We do get a glimpse of competency in the acknowledgement that Mr. J has IT (Information Technology) support and he does not want to recreate the wheel when a solution may already exists.  At what level is this IT department functioning with his company?  An ERP solution is a business decision, not IT.  However, IT does have the expertise to take your requirements and narrow down the field for management review. 

Mr. J wants something easy to use.  Apparently the users avoid their current system.  No idea why they would not use a system that should increase operational efficiency.  Is it really too complicated, was it poor training, or lack of support?

The system they have been using for the last six years is a complete disaster, is not intuitive and creates a lot of frustration.  Well, I would be looking to, if that were my company.  Maybe the IT staff recommended and installed it, so that is why he is not talking with them.  At any rate his call goes out to anyone who can help him with that system.  Why would anyone want that job?  What type of environment would you be walking into? 

Good, bad or indifferent, he needs a new system.  With the loss of confidence and current state of “disaster”, no amount of training or support will restore this company’s faith in this product.

A friendly person indicates her experience with some of the systems mentioned, but “of course that was 6 years ago”.  Technology and the solutions built on it evolve quickly.  Her input is well received, but is really not much help.  What are these companies doing today?  How well do they match Mr. J’s company challenges? 

Other than a need for an integrated and comprehensive inventory management system, we do not know much.  Do we really know what is wrong?  We know what they want.  What about the Finance department or any other department’s challenges or frustrations?  Solution 1 may address the inventory issues, but what about the rest of the company?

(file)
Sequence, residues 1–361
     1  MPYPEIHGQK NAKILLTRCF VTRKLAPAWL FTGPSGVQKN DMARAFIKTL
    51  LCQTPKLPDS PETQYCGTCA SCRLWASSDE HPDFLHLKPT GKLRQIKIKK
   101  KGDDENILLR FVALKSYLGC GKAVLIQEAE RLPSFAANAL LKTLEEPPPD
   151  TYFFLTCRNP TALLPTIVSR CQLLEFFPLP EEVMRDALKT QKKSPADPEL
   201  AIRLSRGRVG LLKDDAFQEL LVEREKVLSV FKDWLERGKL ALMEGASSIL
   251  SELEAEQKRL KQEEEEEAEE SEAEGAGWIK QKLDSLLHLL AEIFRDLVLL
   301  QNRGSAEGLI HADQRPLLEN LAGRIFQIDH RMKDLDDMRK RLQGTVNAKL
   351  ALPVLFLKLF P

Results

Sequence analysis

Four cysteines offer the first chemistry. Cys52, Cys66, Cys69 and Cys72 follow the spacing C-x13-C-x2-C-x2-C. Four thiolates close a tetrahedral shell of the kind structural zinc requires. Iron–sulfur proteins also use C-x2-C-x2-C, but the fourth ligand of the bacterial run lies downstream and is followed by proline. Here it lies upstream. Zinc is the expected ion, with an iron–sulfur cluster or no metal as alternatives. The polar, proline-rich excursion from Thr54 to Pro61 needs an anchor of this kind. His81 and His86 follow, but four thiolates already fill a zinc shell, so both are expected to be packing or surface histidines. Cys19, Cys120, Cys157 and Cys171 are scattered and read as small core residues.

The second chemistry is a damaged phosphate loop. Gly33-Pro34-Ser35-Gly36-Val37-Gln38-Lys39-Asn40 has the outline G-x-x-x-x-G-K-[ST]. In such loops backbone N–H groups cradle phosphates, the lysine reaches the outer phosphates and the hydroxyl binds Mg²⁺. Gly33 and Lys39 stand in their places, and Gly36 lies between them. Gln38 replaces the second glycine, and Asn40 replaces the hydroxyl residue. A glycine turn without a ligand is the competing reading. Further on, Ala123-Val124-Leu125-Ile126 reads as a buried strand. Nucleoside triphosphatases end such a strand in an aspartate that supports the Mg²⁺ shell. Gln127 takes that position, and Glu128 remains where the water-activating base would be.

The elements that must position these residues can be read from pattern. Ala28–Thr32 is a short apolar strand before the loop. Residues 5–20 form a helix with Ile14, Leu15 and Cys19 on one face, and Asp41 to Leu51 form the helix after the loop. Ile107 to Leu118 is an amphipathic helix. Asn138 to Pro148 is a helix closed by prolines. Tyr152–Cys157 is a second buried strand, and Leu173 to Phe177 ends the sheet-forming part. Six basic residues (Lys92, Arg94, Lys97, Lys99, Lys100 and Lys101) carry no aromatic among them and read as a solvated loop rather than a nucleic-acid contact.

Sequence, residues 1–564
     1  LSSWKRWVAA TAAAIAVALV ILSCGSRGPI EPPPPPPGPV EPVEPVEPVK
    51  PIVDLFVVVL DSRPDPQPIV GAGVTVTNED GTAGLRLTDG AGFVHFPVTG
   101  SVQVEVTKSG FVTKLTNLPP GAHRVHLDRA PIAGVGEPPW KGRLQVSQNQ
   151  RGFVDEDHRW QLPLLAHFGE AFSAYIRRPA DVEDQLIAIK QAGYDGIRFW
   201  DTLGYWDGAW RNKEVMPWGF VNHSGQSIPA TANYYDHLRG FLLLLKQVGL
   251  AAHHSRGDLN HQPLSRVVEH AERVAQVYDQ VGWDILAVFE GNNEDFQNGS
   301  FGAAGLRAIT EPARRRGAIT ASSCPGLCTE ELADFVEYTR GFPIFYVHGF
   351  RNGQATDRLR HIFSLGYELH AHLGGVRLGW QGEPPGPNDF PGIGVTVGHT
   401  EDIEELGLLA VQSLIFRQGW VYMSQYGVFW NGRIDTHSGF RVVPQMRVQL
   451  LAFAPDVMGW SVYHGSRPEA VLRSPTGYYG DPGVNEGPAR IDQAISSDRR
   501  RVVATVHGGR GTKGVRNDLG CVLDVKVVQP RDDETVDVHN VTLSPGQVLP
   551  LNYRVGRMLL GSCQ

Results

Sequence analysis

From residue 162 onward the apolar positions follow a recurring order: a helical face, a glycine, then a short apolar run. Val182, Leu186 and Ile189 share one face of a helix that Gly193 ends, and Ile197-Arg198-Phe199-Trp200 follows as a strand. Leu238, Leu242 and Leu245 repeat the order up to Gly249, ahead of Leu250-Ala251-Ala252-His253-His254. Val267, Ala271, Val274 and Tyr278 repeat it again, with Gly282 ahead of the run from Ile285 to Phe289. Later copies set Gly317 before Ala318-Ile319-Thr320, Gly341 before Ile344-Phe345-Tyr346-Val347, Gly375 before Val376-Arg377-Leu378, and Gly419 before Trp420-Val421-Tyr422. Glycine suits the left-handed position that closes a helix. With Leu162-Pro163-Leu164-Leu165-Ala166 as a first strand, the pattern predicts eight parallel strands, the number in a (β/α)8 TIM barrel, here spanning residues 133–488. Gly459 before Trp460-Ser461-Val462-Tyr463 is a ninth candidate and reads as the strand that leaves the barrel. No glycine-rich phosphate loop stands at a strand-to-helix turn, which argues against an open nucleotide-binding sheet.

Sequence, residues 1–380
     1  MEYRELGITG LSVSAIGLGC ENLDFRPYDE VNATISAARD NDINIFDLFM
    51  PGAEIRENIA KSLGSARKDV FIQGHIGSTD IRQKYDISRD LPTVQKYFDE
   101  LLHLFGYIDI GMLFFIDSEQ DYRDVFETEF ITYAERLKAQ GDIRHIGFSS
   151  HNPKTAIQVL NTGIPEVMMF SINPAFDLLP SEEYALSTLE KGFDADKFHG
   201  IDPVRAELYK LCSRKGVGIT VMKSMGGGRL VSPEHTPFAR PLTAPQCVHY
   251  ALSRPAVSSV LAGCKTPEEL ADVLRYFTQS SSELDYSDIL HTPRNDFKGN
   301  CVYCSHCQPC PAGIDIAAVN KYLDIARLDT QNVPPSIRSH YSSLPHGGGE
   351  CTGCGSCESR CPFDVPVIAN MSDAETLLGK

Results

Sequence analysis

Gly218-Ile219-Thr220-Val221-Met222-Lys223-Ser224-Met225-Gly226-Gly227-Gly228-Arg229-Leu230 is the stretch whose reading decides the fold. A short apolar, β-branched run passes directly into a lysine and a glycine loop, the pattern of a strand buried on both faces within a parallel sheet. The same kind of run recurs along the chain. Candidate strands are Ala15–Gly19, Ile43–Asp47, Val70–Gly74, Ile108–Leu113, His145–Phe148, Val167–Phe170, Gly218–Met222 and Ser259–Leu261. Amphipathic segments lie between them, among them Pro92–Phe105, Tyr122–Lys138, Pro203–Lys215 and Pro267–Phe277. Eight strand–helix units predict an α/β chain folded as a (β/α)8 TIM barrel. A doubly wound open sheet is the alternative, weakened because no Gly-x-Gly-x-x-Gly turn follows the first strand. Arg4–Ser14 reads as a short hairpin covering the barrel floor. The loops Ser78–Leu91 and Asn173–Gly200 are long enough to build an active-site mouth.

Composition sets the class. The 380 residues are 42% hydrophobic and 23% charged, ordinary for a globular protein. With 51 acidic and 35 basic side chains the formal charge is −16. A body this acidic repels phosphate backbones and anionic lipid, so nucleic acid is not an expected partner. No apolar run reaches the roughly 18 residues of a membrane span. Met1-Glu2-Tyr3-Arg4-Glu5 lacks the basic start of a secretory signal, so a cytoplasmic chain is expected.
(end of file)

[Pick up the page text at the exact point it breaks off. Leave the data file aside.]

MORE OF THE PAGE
Our last respondent lets us know he has been around and is competent, because he has used lots of different ERP solutions.  A long career or a lot of short stints at a lot of different companies?  Maybe he is a consultant. 

He is not a fan of in-house solutions, because he has invested a lot of time fixing them.  I think I like this guy. 

He likes the suggested ERP solution versus a home grown solution.  Okay, but do we really know enough to say this is best?  It certainly is better than spread sheets, but right for this company? 

He makes a good point that any system needs to accommodate growth. 

Do we have budget?  He even states that the budget may have already been calculated.  Budget is very important.  Great solutions exist, but if you cannot afford them, then they will not work. 

A Return On Investment (ROI) should be calculated.  If you felt very confident that what you invested would be returned in under a year, then why would you not implement the changes?  Please, no comments about the financial markets and availability of credit at this point in time.

By the way, who is responsible for making this kind of decision?  What process did they go through the last time, what was it, six years ago?  Oh yeah, that is when they installed the system that is a disaster now.

Maybe they do not know what they do not know.

What I am suggesting is that the LinkedIn inquiry and the responses received should be enough for Mr. J to start a new search and select a trusted advisor who can help him navigate the rough seas of ERP software selection. 

Define the business requirements at all levels in the organization.  Find out who is affected by the solution or lack of one.  Start looking for areas including inventory for improvement which will become drivers of a good ROI.  Make sure you in fact have a good relationship with the ERP provider.  Ensure the proposed system matches your challenges.

The questions keep on coming.  Who is asking the questions?  Who knows what to ask?

We will not promise you everything.  We will work with your team and do our best to identify your challenges and match them with available solutions.  Your responsibility is to contact Dolvin Consulting now and get the ball rolling.  Both of our futures depend on it.